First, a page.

Open Access Te Herenga Waka-Victoria University of Wellington
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Investigating Systemic Immune Biomarkers in a Controlled Human Hookworm Infection Model

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posted on 2022-07-02, 04:38 authored by Mamum, John

The alarming rise in the prevalence of chronic inflammatory conditions in developed countries has recently been proposed to be associated with the disappearance of helminth infections. It’s hypothesised that helminths such as hookworms can regulate the immune system via their release of excretory-secretory products to suppress inflammatory immune responses. This has led to the concept of hookworm therapy for the treatment of chronic inflammatory disorders such as multiple sclerosis and inflammatory bowel disease. However, to date, there has not been sufficient longitudinal immunological data in healthy humans infected with hookworm. This thesis aimed to characterise key serum immune biomarkers elicited in a controlled human hookworm infection model phase I longitudinal clinical study. Thirteen healthy participants were administered 30 infective L3 N. americanus larvae and followed across 48 weeks. Serum immunoassays were performed to assess a broad range of biomarkers including immunoglobulins, cytokines, and chemokines in participants at baseline and following N. americanus infection. These results were analysed alongside other cellular, symptomatic, and physiological parameters performed to assess safety/tolerability and patency following N. americanus infection.

The clinical study demonstrated that patency was established from week 8 onwards following N. americanus infection and there were no severe symptoms reported however one participant was dewormed at week 6 post- infection (p.i.) due to gastrointestinal discomfort. The findings outlined in this thesis revealed that total IgE levels were elevated from week 8 onwards however total IgA, IgM, IgG1, IgG2, IgG3, and IgG4 were relatively stable following N. americanus infection. Antigen-specific IgG responses were markedly elevated from week 8 to week 48 p.i. Elevations in total IgE and antigen-specific IgG responses coincided with the establishment of patency. There was a dramatic spike in serum IL-5 levels at week 4 following N. americanus infection. However, the remaining serum cytokines and chemokines did not significantly increase in most participants over the course of the infection. Furthermore, a positive correlation was determined between serum IL-5 levels and whole blood eosinophil counts which peaked at week 8 following infection. Taken together, this data suggests that infection with 30 infective L3 N. americanus larvae was safe and tolerated in healthy participants. Additionally, IgE, antigen-specific IgG, IL-5 and eosinophil responses were elicited systemically during N. americanus infection, suggesting a dominant Th2 response. This offers insights into the potential immune mechanistic pathways implicated in human hookworm infection.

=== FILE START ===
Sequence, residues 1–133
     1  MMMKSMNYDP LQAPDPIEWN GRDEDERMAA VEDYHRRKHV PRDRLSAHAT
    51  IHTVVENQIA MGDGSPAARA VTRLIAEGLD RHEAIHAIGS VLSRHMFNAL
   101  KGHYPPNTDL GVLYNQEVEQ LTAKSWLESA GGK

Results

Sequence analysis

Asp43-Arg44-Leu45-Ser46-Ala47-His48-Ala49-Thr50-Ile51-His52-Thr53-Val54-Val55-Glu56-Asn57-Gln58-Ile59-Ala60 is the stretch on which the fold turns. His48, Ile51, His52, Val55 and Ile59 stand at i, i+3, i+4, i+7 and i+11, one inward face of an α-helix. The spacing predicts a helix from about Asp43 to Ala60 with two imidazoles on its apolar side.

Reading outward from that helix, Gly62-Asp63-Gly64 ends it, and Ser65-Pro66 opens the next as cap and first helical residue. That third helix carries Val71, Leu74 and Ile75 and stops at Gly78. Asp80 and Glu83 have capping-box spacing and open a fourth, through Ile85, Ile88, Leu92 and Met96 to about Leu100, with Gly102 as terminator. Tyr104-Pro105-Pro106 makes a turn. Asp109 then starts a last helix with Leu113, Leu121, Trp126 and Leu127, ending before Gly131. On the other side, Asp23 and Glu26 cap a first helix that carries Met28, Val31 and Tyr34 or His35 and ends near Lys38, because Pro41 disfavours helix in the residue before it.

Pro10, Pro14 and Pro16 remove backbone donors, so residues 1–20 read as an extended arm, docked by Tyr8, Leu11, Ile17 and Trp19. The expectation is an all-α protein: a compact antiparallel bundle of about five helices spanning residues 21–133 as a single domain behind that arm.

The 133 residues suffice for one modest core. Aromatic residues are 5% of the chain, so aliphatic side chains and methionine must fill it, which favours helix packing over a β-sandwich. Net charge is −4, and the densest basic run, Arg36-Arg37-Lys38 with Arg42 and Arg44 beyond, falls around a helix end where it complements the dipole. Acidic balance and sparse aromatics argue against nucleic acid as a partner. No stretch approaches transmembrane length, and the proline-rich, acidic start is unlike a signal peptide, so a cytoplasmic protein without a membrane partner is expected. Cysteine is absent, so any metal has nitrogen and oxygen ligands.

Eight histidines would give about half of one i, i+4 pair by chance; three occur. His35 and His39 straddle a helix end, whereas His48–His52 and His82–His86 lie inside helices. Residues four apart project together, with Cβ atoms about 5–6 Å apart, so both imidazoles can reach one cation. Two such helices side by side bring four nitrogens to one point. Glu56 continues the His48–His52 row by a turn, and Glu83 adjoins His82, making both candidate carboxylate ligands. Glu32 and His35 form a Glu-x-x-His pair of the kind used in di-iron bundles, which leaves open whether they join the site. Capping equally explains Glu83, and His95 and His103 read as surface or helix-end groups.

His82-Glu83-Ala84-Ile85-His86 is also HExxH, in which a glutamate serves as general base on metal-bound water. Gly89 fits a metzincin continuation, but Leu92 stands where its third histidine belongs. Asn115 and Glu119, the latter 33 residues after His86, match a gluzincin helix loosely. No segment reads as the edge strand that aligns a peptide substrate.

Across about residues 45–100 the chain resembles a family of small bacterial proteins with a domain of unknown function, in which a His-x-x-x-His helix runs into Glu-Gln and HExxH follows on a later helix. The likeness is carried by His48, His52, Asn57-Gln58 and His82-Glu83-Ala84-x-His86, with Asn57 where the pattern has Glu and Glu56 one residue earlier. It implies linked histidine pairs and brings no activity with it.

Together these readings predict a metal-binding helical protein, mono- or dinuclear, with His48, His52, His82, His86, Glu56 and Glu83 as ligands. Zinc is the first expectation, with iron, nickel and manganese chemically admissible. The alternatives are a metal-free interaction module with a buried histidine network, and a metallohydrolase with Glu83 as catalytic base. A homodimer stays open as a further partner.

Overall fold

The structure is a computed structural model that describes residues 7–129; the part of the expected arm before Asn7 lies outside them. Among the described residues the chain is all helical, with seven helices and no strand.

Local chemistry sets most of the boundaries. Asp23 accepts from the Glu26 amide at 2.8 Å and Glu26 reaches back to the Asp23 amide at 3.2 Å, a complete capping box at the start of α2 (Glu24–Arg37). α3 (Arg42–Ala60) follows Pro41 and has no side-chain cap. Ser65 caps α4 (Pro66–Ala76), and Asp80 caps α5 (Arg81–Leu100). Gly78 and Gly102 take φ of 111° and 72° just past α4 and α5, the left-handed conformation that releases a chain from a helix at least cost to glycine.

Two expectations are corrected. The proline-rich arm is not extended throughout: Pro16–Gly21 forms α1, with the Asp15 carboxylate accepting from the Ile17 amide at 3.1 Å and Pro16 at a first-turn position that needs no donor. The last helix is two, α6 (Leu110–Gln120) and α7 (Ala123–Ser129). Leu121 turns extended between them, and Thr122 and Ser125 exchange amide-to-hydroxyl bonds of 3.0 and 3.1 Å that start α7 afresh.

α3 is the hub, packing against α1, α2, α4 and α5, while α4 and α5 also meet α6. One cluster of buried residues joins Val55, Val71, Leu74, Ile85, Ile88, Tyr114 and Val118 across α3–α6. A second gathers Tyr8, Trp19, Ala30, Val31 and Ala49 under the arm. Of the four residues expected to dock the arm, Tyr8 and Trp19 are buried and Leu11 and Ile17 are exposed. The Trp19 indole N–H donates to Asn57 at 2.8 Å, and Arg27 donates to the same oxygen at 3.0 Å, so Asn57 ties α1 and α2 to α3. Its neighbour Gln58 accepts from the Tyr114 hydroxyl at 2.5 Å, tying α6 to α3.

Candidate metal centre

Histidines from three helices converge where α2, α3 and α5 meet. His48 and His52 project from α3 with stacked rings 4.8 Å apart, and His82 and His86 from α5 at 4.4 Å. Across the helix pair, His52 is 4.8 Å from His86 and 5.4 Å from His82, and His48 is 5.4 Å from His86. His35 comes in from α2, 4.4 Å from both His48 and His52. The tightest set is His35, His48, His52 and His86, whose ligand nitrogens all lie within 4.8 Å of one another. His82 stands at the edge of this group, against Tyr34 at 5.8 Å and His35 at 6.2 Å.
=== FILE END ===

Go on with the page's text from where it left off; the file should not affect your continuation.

Copyright Date


Date of Award



Te Herenga Waka—Victoria University of Wellington

Rights License

Author Retains Copyright

Degree Discipline

Biomedical Science

Degree Grantor

Te Herenga Waka—Victoria University of Wellington

Degree Level


Degree Name

Master of Biomedical Science

Victoria University of Wellington Unit

Malaghan Institute for Medical Research

ANZSRC Socio-Economic Outcome code

200199 Clinical health not elsewhere classified; 200105 Treatment of human diseases and conditions

ANZSRC Type Of Activity code

4 Experimental research

Victoria University of Wellington Item Type

Awarded Research Masters Thesis



Victoria University of Wellington School

School of Biological Sciences


LeGros, Graham